• Some limitations
      • Respondents are often not typical end users
      • The blog is public, which limits certain posts
      • Customers cannot initiate topics, only comment & discuss topics we post
    www.notesdesignblog.com
    • Open feedback comes from a biased sample
    • Some customer feedback carries more weight
    • Data are often qualitative, anecdotal, unstructured, uncategorized
    • Amount of data was sometimes overwhelming
    • Need to be prepared for difficult customer situations
    • Depends on energetic and skilled user experience team, knowledgeable about the product area
    Opening Design to the User Community: Challenges
  • Opening Design to the User Community: Benefits
    • Broader knowledge of users and their work contexts
    • Richer design ideas
    • Customer consensus on design direction
    • Professional partnerships with key customers
    • Increased customer loyalty
    • Better professional interconnections inside IBM
    • Fast, flexible methods
  • So, how did we do???????
  • Inbox with Preview & Sametime
  • Calendar, Quickr Sidebar
  • Great Customer Feedback
    • Extremely positive reactions from customers, partners, and analysts
    • Faster deployment rate than with previous versions of Notes
    • Increased revenue
    • And, perhaps most gratifying for those of us who feel so connected to our user community…
  • Great Customer Feedback Lotus Notes 8 received a standing ovation at Lotusphere 2007
  • “ Open by Design” continues to characterize our UX methods today
    • For more information, contact me at: b et [email_address]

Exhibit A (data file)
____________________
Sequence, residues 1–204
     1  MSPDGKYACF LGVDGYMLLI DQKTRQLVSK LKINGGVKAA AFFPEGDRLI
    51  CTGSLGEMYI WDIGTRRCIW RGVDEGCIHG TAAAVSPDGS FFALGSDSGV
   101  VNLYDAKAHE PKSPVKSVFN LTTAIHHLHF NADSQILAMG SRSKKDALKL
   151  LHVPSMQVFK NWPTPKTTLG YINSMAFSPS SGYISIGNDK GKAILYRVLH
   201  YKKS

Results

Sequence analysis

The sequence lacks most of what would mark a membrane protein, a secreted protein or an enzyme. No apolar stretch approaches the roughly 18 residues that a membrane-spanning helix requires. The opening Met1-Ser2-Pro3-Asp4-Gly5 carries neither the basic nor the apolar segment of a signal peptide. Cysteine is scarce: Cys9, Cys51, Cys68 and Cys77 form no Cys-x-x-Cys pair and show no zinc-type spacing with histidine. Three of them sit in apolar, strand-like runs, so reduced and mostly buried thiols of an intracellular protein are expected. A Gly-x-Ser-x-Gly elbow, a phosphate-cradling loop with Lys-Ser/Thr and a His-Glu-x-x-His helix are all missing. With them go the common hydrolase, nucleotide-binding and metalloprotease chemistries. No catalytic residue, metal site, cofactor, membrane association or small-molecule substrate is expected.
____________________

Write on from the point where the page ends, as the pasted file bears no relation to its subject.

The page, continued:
• Or see the full paper:
    • Comstock, E. M., Raven, M. B., Branco, S. F., Cooper, M. L., & Maurer, D. E. Open by Design: How IBM Partnered with the User Community in the Redesign of Lotus Notes. CHI 2009 Extended Abstracts , Boston, MA, 2931-2944.
    Thank You!
  • © IBM Corporation 2008. All Rights Reserved.
    • The workshops, sessions and materials have been prepared by IBM or the session speakers and reflect their own views. They are provided for informational purposes only, and are neither intended to, nor shall have the effect of being, legal or other guidance or advice to any participant. While efforts were made to verify the completeness and accuracy of the information contained in this presentation, it is provided AS IS without warranty of any kind, express or implied. IBM shall not be responsible for any damages arising out of the use of, or otherwise related to, this presentation or any other materials. Nothing contained in this presentation is intended to, nor shall have the effect of, creating any warranties or representations from IBM or its suppliers or licensors, or altering the terms and conditions of the applicable license agreement governing the use of IBM software.
    • References in this presentation to IBM products, programs, or services do not imply that they will be available in all countries in which IBM operates. Product release dates and/or capabilities referenced in this presentation may change at any time at IBM’s sole discretion based on market opportunities or other factors, and are not intended to be a commitment to future product or feature availability in any way. Nothing contained in these materials is intended to, nor shall have the effect of, stating or implying that any activities undertaken by you will result in any specific sales, revenue growth or other results.
    • All references to Renovations refer to a fictitious company and are used for illustration purposes only. All references to Samantha Daryn, Ted Amado, and Betty Zechman are fictitious.
    • IBM, the IBM logo, Lotus, Lotus Notes, Notes, Domino, Sametime, WebSphere, Workplace and Lotusphere are trademarks of International Business Machines Corporation in the United States, other countries, or both.